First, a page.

Crabby demystifies e-mail protocols
Crabby Office Lady
Let's talk about what an e-mail "protocol" is, what the most popular types are, and why you should care. We're taking this one step at a time, so no panicking.
I get a bucketload of mail dropped off in my office every day and a surprising amount of it asks me to discuss the differences between POP3, IMAP, and HTTP mail. (Really!) And because I do listen to you, I've devoted an entire column to the word "protocol." (Be careful what you wish for, I guess.)
Warning There are going to be more than the usual amount of acronyms bandied about in this column. This isn't my fault; I didn't make them up. I'm just here to help you get through them. So now, as my dentist likes to say, "You may feel a slight pinch..."
Protocol: A code of conduct and the conduct of code
Usually when I hear the word "protocol," what comes to my mind are mustachioed men and white-gloved women speaking tactfully and in multiple languages at a head-of-state dinner party. Typically, the word means "rules or conventions of correct behavior on official or ceremonial occasions." (Thank you, MSN Encarta dictionary.)
While we're not talking about diplomacy (not really my specialty, as you might imagine), let's just say there are similarities between the ceremony and etiquette diplomats specialize in and the mechanics behind e-mail. Confused already? Okay, when we talk about an e-mail protocol, we're talking about an agreed-upon format for sending and receiving e-mail messages. And, when you think about it, this is kind of like ceremony and etiquette for how to get your e-mail messages out there.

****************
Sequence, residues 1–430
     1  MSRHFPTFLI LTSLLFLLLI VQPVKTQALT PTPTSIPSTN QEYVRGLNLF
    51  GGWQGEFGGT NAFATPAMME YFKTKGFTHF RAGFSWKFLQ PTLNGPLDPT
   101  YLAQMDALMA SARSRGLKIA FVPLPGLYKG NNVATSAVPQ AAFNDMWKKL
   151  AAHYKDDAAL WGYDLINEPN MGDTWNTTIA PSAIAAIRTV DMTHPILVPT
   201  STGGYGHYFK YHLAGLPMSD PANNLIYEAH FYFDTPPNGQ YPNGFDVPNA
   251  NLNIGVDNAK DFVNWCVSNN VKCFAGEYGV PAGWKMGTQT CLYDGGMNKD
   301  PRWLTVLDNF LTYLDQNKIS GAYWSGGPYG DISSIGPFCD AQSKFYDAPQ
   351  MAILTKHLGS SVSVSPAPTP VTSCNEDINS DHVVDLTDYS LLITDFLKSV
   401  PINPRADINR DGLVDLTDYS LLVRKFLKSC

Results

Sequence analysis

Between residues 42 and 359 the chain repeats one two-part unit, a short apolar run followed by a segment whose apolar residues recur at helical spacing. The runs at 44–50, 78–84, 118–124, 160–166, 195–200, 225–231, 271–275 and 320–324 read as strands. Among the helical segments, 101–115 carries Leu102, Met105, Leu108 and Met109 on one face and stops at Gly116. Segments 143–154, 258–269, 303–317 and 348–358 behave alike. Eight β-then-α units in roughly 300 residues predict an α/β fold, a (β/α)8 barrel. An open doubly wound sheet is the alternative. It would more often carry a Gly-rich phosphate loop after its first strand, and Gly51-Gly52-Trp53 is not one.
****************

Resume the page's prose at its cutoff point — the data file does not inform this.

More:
Now that that's as clear as mud, why should you care? You should care because unless you know what protocol your e-mail provider supports, you won't be sure about how to set up Outlook, Outlook Express, Windows Mail, or any other e-mail program. And then you won't be able to get your e-mail, and then where will you be?